Op-Ed: Want to Understand the Basics of Global Warming? Just Follow Al Gore's Money
“There is a sucker born every minute.” — P.T. Barnum
P.T. Barnum might not have said there is a sucker born every minute. But, if he didn’t, he should have, because it is true.
In the Southwestern U.S. in the late 1800s, snake oil salesmen traveled from town to town in buckboard wagons, peddling snake oil. Now they travel around in private jets to world financial centers, trading carbon.
If one Googles the term “snake oil salesman,” the following appears in the Wikipedia definition: “‘Snake oil salesman’ is a common expression used to describe someone who sells, promotes, or is a general proponent of some valueless or fraudulent cure, remedy, or solution. … In popular culture, a particular kind of confidence trick is associated with the snake-oil salesman – the traveling salesman purports to be a doctor (with false credentials), selling fake medicines with boisterous marketing hype, often supported by pseudo-scientific evidence [emphasis added].”
The Kyoto Protocol was a “climate treaty” ratified by UN climate delegates in December 1997. It became effective in February 2005 for the 36 countries that signed the protocol.
Vice President Albert Gore was a leading proponent of the Kyoto Protocol and signed it on behalf of the U.S. However, President Bill Clinton elected not to submit the climate treaty to the Senate for ratification because the Senate had voted unanimously to oppose the treaty’s ratification. The Senate opposed the treaty because it did not require developing countries to abide by the same standards as developed nations.
The treaty was designed to reduce emissions of seven greenhouse gases; however, the main focus was reducing CO2. The treaty was effective from 2005 to 2012. During that time, worldwide emissions of CO2 increased by 32 percent.
While the Kyoto Protocol did not introduce any new scientific concepts to reduce emissions of CO2, it did introduce a novel economic concept: trading carbon credits and, later, trading carbon offsets.
The idea of trading carbon credits or offsets is based on the fact that living plant matter and the world’s oceans absorb CO2 and are known as “carbon sinks.”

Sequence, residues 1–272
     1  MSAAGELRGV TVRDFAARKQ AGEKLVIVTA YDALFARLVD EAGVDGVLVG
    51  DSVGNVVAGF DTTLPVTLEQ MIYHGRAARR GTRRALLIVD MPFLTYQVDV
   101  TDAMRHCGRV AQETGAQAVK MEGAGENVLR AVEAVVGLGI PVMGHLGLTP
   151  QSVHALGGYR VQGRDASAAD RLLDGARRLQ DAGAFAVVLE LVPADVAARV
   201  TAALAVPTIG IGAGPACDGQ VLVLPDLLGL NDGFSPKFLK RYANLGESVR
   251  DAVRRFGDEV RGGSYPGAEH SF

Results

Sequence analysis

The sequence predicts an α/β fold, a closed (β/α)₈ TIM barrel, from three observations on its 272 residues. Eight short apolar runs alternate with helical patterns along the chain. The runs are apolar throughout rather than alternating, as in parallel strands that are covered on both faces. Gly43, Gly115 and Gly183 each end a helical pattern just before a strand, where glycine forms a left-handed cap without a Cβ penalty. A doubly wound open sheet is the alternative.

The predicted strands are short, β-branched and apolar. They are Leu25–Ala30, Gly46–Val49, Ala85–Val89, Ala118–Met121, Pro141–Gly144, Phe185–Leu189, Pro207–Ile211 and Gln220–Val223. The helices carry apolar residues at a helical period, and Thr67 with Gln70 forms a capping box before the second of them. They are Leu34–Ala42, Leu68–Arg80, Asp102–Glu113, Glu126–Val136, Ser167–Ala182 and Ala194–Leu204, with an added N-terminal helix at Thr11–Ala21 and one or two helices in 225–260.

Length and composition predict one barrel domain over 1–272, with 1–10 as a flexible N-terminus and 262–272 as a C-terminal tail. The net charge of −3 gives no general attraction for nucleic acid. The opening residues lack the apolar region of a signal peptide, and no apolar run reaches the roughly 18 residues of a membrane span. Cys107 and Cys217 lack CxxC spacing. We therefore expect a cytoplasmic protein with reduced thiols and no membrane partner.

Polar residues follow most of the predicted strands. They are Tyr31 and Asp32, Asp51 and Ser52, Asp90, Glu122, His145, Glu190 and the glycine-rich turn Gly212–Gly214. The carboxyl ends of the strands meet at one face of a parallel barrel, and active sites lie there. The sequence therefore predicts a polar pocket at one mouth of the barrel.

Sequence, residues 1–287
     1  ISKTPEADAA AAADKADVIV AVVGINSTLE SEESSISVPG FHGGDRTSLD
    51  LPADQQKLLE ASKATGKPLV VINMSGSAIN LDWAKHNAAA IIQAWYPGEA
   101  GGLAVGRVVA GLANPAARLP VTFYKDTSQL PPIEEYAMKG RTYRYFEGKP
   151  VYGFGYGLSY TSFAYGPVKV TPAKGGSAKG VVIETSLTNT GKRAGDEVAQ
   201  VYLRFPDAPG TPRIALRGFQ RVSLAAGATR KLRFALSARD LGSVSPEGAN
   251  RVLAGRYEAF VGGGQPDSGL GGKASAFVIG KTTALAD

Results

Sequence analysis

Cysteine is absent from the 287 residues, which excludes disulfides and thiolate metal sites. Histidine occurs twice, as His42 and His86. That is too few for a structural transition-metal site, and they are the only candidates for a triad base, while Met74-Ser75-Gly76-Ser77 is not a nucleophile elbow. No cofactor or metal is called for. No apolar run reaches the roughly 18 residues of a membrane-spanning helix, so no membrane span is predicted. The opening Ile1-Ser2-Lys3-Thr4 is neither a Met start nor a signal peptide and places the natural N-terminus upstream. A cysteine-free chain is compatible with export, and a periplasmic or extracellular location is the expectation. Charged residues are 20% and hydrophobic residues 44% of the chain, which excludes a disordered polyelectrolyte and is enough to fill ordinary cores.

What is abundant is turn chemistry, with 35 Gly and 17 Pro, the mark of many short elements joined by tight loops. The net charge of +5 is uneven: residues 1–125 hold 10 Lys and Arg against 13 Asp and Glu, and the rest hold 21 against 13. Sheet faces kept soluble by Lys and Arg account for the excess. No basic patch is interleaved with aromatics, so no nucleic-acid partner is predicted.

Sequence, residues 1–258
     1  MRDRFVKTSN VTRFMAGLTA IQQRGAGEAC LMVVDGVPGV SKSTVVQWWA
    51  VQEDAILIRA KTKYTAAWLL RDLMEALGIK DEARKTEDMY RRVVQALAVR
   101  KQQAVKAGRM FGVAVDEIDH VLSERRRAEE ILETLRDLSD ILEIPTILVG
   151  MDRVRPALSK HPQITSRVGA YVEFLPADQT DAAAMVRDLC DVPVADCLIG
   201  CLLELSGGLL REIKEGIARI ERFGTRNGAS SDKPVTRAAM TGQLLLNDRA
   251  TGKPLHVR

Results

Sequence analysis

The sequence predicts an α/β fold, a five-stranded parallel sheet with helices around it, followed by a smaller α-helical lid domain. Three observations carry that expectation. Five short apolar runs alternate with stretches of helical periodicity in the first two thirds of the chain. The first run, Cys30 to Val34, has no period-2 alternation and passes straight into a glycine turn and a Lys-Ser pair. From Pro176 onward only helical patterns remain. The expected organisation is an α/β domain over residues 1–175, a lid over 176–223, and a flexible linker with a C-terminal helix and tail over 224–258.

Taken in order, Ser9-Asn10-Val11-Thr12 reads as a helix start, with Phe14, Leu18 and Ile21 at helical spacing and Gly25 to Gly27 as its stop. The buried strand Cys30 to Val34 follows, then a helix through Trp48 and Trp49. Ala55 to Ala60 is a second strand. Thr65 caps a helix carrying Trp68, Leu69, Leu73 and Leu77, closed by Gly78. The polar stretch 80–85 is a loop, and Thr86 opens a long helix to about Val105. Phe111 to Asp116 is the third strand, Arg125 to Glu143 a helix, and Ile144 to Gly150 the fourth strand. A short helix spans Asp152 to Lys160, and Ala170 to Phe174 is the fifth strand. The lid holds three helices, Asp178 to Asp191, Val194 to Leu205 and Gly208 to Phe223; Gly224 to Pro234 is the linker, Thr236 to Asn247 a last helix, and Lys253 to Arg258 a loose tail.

Plant matter absorbs CO2 and emits oxygen in a process called photosynthesis. It is necessary for all human, animal and plant life (including agriculture) on Earth. The world’s oceans absorb and emit CO2 as part of the natural process referred to as the carbon cycle, which includes photosynthesis. Very little is known about the world’s carbon cycle; too many variables are involved, and there is a lack of methodology to measure them.
This is how the “trading scheme” (as the UN calls it) for carbon credits and offsets works.
A UN climate treaty such as the Kyoto Protocol establishes an allocation of carbon credits for a country based on an emission target for a period of time. The carbon emitters in the country are given a target by the government. If the emitters exceed their target, they can buy unused credits from the government, other emitters who don’t use their full allocation or from carbon traders.
There are three main groups of carbon offsets: a removal unit (RMU), an emission reduction unit (ERU) and a certified emission reduction (CER) unit.
An RMU results from land use that primarily affects forestation, such as planting trees or agreeing not to cut down trees, but can also include planting crops or other plant matter. An ERU is acquired by a “joint implementation project” involving two developed countries. If a developed country expects to exceed its emission target, it can invest in a project in another developed nation to reduce carbon emissions. Finally, a CER unit results from an investment by a developed country in a developing country that either reduces or eliminates the emission of CO2.
It should be apparent that the opportunity for fraud in the certification of each of these activities is significant.
So why are trading carbon credits and offsets like selling snake oil?
In my book, I demonstrate that the first principles of science in the relevant fields of thermodynamics, spectroscopy, atmospheric physics and quantum mechanics, as employed in published, peer-reviewed scientific research, prove that CO2 has a de minimis effect on the Earth’s climate.
Further, the world’s temperature databases reveal virtually no warming of the lower troposphere (first 8 km of the atmosphere), the world’s oceans or land mass. Therefore, there is no need to remove CO2 from the atmosphere.
Just like the snake oil salesman of the old West, the new snake oil salesmen use the fraudulent pseudoscience of the global warming hypothesis to sell carbon credits and offsets — in this case, to cure an ailment that does not exist.
Finally, the new snake oil salesmen employ the same sales tactics as their predecessors: Convince people that if they buy their snake oil, they will be doing good — in this case, reducing CO2 concentration in the atmosphere.
In 2004, one year before the Kyoto Protocol took effect, Al Gore and a partner from Goldman Sachs formed the Generational Investment Management Company in London to “engage in sustainable investments.” In 2004, the carbon trading market had a worldwide value of $11 billion; in 2019, $210 billion; and in 2021, $851 billion.
Want to understand the basics of global warming? Follow the money.
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